17.10hr Arrive at café Staminee Boulevard in Kortrijk. This marvellous cafe is one of the best in Belgium (a Tim Webb quote). He's not wrong. Found at the back of the park where the Battle of the Golden Spurs took place in 1302, it has a stylish domestic interior, and is cosy and candlelit. The superb beer list extends to 120 of the better beers of Belgium including such luminaries as 3 Fonteinen, Vicaris, Boelens and De Graal. Oh! and there is a changing draught beer list too. For those who fancy joining Siobhan for a little exercise she will walk to the nearby field of the famous Battle of The Golden Spurs where the lowly Flemish beat the mounted French. The Belgians are very proud of this martial feat and this can be seen from the giant golden spur sticking into the ground which marks the spot of the battle and the excessively opulent, golden commemorative Groeninge Monument, a statue of the Virgin of Flanders triumphant over a fallen stone French knight and his horse.
18.30hr Leave Staminee Boulevard, Kortrijk.
19.00hr Arrive back at Novotel Ypres.
10.00hr Leave from outside Novotel Ypres by coach for a day looking at the Royal Navy contribution to the First World War on the Belgian coast against German submarines.
11.00hr Arrive at the Zeebrugge Mole. Here Siobhan will tell us about the little known Zeebrugge Raid of 24 April 1918 and Ostend Raids of 1918. We will visit the infamous Mole (sea wall) and follow the story of the Zeebrugge Raid, the role of Mersey Steamers Iris & Daffodil, the exploding of Submarine C3 and the limited successes of the block ships. We will have a look at the usefully graphic Zeebrugge Memorial and follow the fate of missing officer Frank Brock who was last seen on the Mole fighting Germans with his fists.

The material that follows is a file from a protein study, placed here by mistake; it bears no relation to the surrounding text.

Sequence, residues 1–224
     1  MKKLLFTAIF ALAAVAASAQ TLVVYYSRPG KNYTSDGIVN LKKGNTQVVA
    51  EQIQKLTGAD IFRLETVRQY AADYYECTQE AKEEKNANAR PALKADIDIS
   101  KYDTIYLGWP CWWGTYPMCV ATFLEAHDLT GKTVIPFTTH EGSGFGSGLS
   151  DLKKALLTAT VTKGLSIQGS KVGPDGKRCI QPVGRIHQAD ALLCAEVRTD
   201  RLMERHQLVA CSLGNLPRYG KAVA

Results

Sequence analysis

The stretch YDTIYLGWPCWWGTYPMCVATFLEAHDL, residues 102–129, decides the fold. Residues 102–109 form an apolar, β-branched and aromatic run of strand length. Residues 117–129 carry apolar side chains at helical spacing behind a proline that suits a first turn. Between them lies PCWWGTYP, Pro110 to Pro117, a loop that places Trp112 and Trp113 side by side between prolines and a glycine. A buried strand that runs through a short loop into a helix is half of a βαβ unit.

11.30hr Leave Zeebrugge Mole.
11.35hr Arrive Zeebrugge Churchyard CWGC. Here are buried those British sailors and marines who in a collection of monitors, destroyers, motorboats, launches, old cruisers, old submarines and Mersey ferry-boats attacked the mole at Zeebrugge. This was an attempt to block the canal leading to the sea from Bruges which was German submarine headquarters. There are 30 Commonwealth servicemen of the First World War buried or commemorated in this little churchyard of whom 17 are unidentified. There are also a number of German Navy personnel who were stationed on the Mole at the time of the attack. Within the churchyard is the Zeebrugge Memorial to the missing which commemorates the three officers and one mechanic of the Royal Navy who died on the mole at Zeebrugge and have no known grave, one of which is Frank Brock. Siobhan will explain why this mission was undertaken and the effect it had in the course of the war.
11.55hr Leave Zeebrugge Churchyard CWGC.
12.00hr Call in at the oldest café in Zeebrugge, the Café Werftje. This old Fisherman’s café is right on the old seafront wharf and was beautifully remodelled in 2016 to make it into a comfortable, fishy café. They have a modest beer list but often feature Rodenbach speciality beers and are famed for matching beer with local seafood.
13.00hr Leave Café Werftje at Zeebrugge and make our way down the coast to Ostend.